Buerger’s disease is a rare vascular disorder linked to smoking and tobacco use that can cause pain, discoloration, and other symptoms in your limbs. If left untreated, this disease can lead to serious complications.
Find out more about this condition, who is at risk, and the options for treatment.
What is Buerger’s Disease?
Healthy blood flow brings oxygen and other nutrients to your organs and tissues. Buerger’s disease, also known as thromboangiitis obliterans, is a very rare condition that causes swelling and blood clots in the small and medium-sized blood vessels of the arms and legs and limits blood flow.
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Symptoms of Buerger’s Disease
Symptoms of this disease can include:
- Pain in your arms, hands, legs, or feet
- Pale, red, or blue hands and feet
- Cold hands and feet
- Numbness or tingling in your limbs
- Skin ulcers, or wounds that don’t heal on your fingers and toes
If left untreated, Buerger’s disease can cause gangrene or tissue death in your fingers and toes. Once tissue dies, it must be removed, and in some cases through total amputation.
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Who Is At Risk?
Nearly all people with Buerger’s smoke or use tobacco. It is most common among young or middle-aged men who smoke heavily and is more prevalent in Asia and the Middle East.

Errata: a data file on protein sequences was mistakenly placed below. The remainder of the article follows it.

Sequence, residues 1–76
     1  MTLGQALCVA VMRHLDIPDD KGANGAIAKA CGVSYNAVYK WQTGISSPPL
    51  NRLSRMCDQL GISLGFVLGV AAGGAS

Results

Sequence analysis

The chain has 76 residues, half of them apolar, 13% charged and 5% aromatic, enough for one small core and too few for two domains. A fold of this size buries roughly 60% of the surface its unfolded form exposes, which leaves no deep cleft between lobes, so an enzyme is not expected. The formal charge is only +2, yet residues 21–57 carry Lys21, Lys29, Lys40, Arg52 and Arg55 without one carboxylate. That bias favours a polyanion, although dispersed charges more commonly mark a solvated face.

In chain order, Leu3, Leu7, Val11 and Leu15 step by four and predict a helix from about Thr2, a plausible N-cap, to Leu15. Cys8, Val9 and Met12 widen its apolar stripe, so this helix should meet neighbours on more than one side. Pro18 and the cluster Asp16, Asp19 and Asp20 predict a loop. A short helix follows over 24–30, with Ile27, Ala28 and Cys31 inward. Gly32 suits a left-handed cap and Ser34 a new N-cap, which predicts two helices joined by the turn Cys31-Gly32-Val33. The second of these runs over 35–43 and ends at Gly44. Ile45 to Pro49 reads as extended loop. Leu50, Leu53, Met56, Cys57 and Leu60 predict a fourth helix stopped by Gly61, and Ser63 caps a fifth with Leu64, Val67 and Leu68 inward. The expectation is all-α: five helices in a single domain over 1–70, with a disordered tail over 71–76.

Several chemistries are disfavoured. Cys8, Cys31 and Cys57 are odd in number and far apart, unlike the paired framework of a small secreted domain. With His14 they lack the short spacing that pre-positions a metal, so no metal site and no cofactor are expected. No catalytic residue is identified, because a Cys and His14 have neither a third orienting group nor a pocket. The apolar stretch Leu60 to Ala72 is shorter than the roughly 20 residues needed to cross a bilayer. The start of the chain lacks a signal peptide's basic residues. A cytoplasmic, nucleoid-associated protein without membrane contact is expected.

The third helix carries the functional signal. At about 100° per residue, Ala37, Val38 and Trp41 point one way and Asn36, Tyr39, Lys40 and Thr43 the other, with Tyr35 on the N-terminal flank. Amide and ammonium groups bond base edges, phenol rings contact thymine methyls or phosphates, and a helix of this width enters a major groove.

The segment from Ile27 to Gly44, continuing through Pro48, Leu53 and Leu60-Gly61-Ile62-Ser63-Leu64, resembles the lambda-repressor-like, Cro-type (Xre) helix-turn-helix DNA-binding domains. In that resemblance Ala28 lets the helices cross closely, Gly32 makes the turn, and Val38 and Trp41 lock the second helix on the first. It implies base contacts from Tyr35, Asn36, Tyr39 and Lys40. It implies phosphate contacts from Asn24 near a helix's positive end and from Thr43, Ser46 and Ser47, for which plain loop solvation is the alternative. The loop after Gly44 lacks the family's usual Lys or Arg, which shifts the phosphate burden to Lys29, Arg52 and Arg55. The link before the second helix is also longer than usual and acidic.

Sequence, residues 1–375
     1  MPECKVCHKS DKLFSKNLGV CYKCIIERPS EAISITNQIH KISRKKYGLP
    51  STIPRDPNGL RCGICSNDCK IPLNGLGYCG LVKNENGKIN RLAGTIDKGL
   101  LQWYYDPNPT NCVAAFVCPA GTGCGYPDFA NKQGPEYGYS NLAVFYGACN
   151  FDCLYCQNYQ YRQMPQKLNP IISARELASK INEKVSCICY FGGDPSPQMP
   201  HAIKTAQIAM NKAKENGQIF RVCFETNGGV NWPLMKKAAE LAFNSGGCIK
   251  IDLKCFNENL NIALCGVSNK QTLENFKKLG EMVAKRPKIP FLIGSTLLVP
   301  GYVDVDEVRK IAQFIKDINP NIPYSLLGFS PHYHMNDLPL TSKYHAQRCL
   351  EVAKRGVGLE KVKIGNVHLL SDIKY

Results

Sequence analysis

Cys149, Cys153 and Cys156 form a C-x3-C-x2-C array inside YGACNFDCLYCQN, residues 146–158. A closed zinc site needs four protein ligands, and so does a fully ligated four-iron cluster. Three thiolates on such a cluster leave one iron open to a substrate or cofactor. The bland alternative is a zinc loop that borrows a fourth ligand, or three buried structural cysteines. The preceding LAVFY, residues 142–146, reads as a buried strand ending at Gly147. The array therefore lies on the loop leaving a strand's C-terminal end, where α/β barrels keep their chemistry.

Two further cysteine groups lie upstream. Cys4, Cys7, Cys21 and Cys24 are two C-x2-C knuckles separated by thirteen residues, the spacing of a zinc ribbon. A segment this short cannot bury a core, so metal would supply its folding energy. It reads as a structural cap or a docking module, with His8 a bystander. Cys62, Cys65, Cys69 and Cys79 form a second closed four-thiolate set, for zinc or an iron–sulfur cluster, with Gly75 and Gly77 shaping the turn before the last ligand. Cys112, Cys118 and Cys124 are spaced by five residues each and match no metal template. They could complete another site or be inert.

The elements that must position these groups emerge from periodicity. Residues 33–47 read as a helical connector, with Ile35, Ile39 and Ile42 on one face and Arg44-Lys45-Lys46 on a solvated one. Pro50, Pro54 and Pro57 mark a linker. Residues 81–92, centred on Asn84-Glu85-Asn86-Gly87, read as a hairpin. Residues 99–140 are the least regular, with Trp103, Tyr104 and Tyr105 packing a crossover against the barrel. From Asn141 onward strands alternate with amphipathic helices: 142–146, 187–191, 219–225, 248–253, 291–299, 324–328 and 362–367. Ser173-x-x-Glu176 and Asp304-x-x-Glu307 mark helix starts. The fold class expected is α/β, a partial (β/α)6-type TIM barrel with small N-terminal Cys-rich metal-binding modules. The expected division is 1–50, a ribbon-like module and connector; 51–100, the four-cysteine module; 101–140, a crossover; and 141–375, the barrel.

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What Causes Buerger’s Disease?
While doctors don’t know the exact cause, Buerger’s disease is linked to smoking and tobacco use. Some doctors believe that the chemicals in tobacco damage the lining of your blood vessels, which causes swelling.
What Treatments Are Available?
While there is no cure, quitting smoking and using tobacco products can help prevent Buerger’s from getting worse. Other treatments, like medicines and procedures to restore blood flow, are usually not very effective.
To learn more about Buerger’s disease, contact the UPMC Division of Vascular Surgery at (412) 802-3333.
The UPMC Heart and Vascular Institute has long been a leader in cardiovascular care, with a rich history in clinical research and innovation. As one of the first heart transplant centers in the country and as the developer of one of the first heart-assist devices, UPMC has contributed to advancing the field of cardiovascular medicine.